The death of Chatterton attracted little notice at the time; for the few who then entertained any appreciative estimate of the Rowley poems regarded him as their mere transcriber. He was interred in a burying-ground attached to the Shoe Lane Workhouse, in the parish of St Andrew, Holborn, later converted into a site for Farringdon Market. There is a discredited story that the body of the poet was recovered, and secretly buried by his uncle, Richard Phillips, in Redcliffe Churchyard. There a monument has since been erected to his memory, with the appropriate inscription, borrowed from his "Will," and so supplied by the poet's own pen. "To the memory of Thomas Chatterton. Reader! judge not. If thou art a Christian, believe that he shall be judged by a Superior Power. To that Power only is he now answerable."[2]

It was after Chatterton's death that the controversy over his work began. Poems supposed to have been written at Bristol by Thomas Rowley and others, in the Fifteenth Century (1777) was edited by Thomas Tyrwhitt, a Chaucerian scholar who believed them genuine medieval works. However, the appendix to the following year's edition recognizes that they were probably Chatterton's own work. Thomas Warton, in his History of English Poetry (1778) included Rowley among 15th-century poets, but apparently did not believe in the antiquity of the poems. In 1782 a new edition of Rowley's poems appeared, with a "Commentary, in which the antiquity of them is considered and defended," by Jeremiah Milles, dean of Exeter.[2]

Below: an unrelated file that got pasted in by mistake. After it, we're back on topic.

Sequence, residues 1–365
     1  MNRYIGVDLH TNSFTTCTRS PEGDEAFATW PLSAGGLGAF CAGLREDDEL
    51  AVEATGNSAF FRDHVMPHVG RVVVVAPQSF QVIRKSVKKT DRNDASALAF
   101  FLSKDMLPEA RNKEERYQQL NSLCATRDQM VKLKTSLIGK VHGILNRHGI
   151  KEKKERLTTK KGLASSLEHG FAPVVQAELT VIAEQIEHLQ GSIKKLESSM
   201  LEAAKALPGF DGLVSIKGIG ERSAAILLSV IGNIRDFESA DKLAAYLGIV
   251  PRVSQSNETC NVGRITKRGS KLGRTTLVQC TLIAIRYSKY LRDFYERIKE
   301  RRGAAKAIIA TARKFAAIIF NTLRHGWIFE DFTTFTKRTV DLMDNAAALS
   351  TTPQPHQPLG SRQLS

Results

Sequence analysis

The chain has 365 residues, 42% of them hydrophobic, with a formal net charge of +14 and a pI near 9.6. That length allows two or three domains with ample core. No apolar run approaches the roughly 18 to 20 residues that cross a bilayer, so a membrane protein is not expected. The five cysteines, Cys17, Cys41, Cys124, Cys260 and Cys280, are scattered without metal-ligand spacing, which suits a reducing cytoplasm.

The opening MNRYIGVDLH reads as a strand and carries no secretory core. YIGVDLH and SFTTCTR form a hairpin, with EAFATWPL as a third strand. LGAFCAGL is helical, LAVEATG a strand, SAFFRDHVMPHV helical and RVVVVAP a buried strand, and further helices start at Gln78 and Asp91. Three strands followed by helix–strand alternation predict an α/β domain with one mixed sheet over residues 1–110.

The controversy which raged round the Rowley poems is discussed in Andrew Kippis, Biographia Britannica (vol. iv., 1789), where there is a detailed account by G Gregory of Chatterton's life (pp. 573–619). This was reprinted in the edition (1803) of Chatterton's Works by Robert Southey and J Cottle, published for the benefit of the poet's sister. The neglected condition of the study of earlier English in the 18th century alone accounts for the temporary success of Chatterton's mystification. It has long been agreed that Chatterton was solely responsible for the Rowley Poems, but the language and style were analyzed in confirmation of this view by W. W. Skeat in an introductory essay prefaced to vol. ii. of The Poetical Works of Thomas Chatterton (1871) in the "Aldine Edition of the British Poets." The Chatterton manuscripts, originally in the possession of William Barrett of Bristol, were left by his heir to the British Museum in 1800. Others are preserved in the Bristol library.[2]

Chatterton's genius and his death are commemorated by Shelley in Adonais (though its main emphasis is the commemoration of Keats), by Wordsworth in "Resolution and Independence," by Coleridge in "Monody on the Death of Chatterton," by Dante Gabriel Rossetti in "Five English Poets," by Henry Wallis in his painting The Death of Chatterton, and in John Keats' sonnet "To Chatterton." Keats also inscribed Endymion "to the memory of Thomas Chatterton." Alfred de Vigny's drama of Chatterton gives an altogether fictitious account of the poet. Herbert Croft, in his Love and Madness, interpolated a long and valuable account of Chatterton, giving many of the poet's letters, and much information obtained from his family and friends (pp. 125–244, letter li.).[2]